When the Duluth Cardinals entered the Northern League in 1903, they needed a place to play. So that April contractors hastily built a wooden ballpark with seating for 3,000 in the shadows of the DM&I ore docks. It was a very simple affair: the seats were boards that didn’t even have cushions until 1909, and then only 500 seats were covered. The next year the team became the Duluth White Sox, winning pennants in 1904 and 1905. Later White Sox teams included Russ Method and Dewey Scanlon, standout players for the NFL’s Duluth Eskimos.
The 1907 baseball season at Athletic Park opened with grand ceremony. A parade of dignitaries, including Mayor Marcus B. Cullum and every Mason in the city who had reached the Scottish Rite’s 32nd degree, proceeded from city hall at Second Avenue East and Superior Street all the way to Athletic Park in both automobiles and “tally-hos,” a popular term at the time for open-carriage horse-and-wagon vehicles.
That same year a portion of Athletic Park was converted to a hockey rink as a home to the Northern Hockey Club, but it was late December before the weather turned cold enough for outdoor ice. The day after Christmas, the Northerns defeated Duluth’s “College Men”
When not in use by the White Sox, Athletic Park was used for both baseball and football matches played by local elementary and high school teams, and these matches were often reported on in the local press.
A much larger press following was enjoyed by teams made up of employees from various Duluth businesses, with Clyde Iron Works fielding a particularly strong baseball squad. Stories of such events were sometimes played for humor in the News-Tribune. One, about a match between teams sponsored by the Lyceum and Bijou Theaters, sported a headline declaring “Actors will battle at Athletic Park” and mentioned later that “each crew will be accompanied to the Park by a mixed band of rooters and the yelling will be something fierce.”
It wasn’t all baseball and football at Athletic Park. Wrestling matches were held there, and in 1909 two teams, representing local Ojibwe and Dakota, squared off in a lacrosse match. The teams of Carlisle and Odanah took the field, but the reporter failed to mention which nation each team represented. He also had little knowledge of the game and no respect for the heritage of the players—describing them in myriad ways today’s readers would find offensive—calling one player a “cigar sign” and describing the game as an “imitation massacre.” Odanah won, 3–1, but according to the reporter, well before the game ended most spectators had left Athletic Park to watch a sandlot baseball game adjacent to the field.
During World War I shipbuilding firms and other outfits producing materials for the war effort formed a football league which played at the park. That league was where Harry Grant, father of NFL legend Harry “Bud” Grant, learned to play the game he taught to his son.
Athletic Park later became the home field of the National Football League’s Duluth Kelleys, who entered the league in 1923. Sportswriter and broadcasting legend Halsey Hall, who would become famous as the radio voice of the Minnesota Twins, reported that Athletic Park had no locker rooms and that the playing field was an “uneven, coal-dust surface.” It was actually iron ore dust.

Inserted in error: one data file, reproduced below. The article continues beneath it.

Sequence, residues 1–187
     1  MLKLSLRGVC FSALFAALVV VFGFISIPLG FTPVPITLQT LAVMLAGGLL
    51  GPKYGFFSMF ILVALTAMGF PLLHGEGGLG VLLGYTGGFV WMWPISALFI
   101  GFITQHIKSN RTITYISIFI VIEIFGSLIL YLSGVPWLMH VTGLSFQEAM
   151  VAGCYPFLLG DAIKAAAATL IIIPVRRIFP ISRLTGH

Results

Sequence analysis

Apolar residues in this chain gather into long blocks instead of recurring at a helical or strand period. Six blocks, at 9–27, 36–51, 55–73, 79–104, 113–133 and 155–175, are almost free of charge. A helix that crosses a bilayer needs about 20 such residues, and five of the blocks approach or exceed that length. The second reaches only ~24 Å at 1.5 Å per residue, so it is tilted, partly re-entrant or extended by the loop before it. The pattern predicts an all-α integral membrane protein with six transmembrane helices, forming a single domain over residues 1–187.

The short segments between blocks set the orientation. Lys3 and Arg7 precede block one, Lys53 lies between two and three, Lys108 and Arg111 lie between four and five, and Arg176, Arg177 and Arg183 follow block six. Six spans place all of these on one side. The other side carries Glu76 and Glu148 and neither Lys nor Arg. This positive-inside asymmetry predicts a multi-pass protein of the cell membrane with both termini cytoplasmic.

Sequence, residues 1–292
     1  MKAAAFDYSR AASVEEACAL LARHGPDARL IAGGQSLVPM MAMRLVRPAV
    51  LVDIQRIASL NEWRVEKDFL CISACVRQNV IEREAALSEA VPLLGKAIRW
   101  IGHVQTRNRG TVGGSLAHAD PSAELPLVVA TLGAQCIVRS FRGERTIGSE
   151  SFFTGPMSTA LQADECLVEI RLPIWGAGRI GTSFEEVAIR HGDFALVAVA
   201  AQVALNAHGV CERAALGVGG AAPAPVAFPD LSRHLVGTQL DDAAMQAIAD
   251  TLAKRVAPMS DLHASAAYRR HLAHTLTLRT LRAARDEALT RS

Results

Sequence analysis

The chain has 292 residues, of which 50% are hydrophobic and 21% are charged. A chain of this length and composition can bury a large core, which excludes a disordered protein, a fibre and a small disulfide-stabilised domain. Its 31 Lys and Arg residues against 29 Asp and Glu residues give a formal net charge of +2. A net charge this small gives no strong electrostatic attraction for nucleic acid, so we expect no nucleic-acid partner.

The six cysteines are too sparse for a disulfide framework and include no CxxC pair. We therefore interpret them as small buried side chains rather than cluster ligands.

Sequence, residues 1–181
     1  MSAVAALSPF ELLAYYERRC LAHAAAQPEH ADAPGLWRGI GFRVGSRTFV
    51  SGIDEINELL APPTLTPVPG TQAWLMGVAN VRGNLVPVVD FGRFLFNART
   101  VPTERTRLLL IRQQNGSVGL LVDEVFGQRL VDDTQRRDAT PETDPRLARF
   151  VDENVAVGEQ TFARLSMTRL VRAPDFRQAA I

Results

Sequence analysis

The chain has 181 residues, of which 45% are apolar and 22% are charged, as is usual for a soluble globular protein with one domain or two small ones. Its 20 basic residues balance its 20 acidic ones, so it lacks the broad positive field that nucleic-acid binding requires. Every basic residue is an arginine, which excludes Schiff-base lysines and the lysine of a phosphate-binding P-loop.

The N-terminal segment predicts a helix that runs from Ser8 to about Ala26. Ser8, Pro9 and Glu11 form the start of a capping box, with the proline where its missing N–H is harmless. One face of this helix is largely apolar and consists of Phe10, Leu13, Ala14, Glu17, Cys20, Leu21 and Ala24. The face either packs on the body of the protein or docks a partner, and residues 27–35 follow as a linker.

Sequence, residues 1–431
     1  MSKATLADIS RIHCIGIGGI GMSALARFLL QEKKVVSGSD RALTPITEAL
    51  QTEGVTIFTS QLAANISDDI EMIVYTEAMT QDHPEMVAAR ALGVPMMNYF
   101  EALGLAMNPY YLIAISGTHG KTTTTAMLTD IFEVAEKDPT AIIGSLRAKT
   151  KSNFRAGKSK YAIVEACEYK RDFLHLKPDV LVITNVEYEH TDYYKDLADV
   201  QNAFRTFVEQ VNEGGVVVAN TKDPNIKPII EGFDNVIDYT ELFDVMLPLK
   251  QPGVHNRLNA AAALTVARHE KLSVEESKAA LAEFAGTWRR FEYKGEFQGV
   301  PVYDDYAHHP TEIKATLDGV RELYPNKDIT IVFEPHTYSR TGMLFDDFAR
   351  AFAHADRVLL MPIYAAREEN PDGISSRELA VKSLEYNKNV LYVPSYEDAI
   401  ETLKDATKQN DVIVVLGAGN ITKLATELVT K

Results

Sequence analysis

The Kelleys faced Curly Lambeau and his Green Bay Packers in 1924, long thought to be the only time the Pack ever played in Duluth. Hall performed the referee duties, flagging Duluth’s Bill Stein fifty-yards for “slugging,” which helped a last-minute rally by the Packers. Despite the call, and a five-yard penalty for “stalling,” Duluth hung on to win, 6–3.
Recent research has turned up a report of another visit by Green Bay to the Zenith City. In 1922, the year before the Kelleys entered the NFL, the Pack came to play on September 24 in what the Duluth News Tribune called the “Greatest Game Ever Played at Athletic Park.” The Pack’s squad of primarily former college players was heavily favored to win, but Duluth had a college boy of their own, former All-American Notre Dame half back Danny Coughlin, who played both offense and defense for the Kelleys.
Duluth held the Packers tight, allowing Green Bay only one first down. But it was also tough for the home team’s offense to score. In fact, neither offense scored. Coughlin intercepted a Green Bay pass and ran it back fifty-five yards for a touchdown. The point-after attempt failed, and as they would a year later, Duluth went on to win, this time 6–2. Late in the third quarter Coughlin, realizing he could not get a punt off from his one-yard line, allowed himself to be driven through the end zone for a safety rather than give up the ball at the goal line to set up what would have been a certain game-tying touchdown for the visitors.
The Kelleys lsyer became the Duluth Eskimos, a team which included Hall of Famers Ernie Nevers, Johnny “Blood” McNally, and Walt Kiesling as well as hometown hero Wally Gilbert and players primarily from Duluth, the Iron Range, Two Harbors, and Superior. They only played one game at Athletic Park: because of Nevers’ star power, the NFL made the Eskimos play every game except their first on the road in order to sell more tickets.
In 1935 the Duluth White Sox were sold to Kansas City, who changed the team’s name to the Duluth Dukes. In 1941 Athletic Park was destroyed and Wade Municipal Stadium became the home of the Dukes. The team changed names several more times until folding in 1970. (The 1993–2002 Duluth Dukes had no connection to the original franchise.)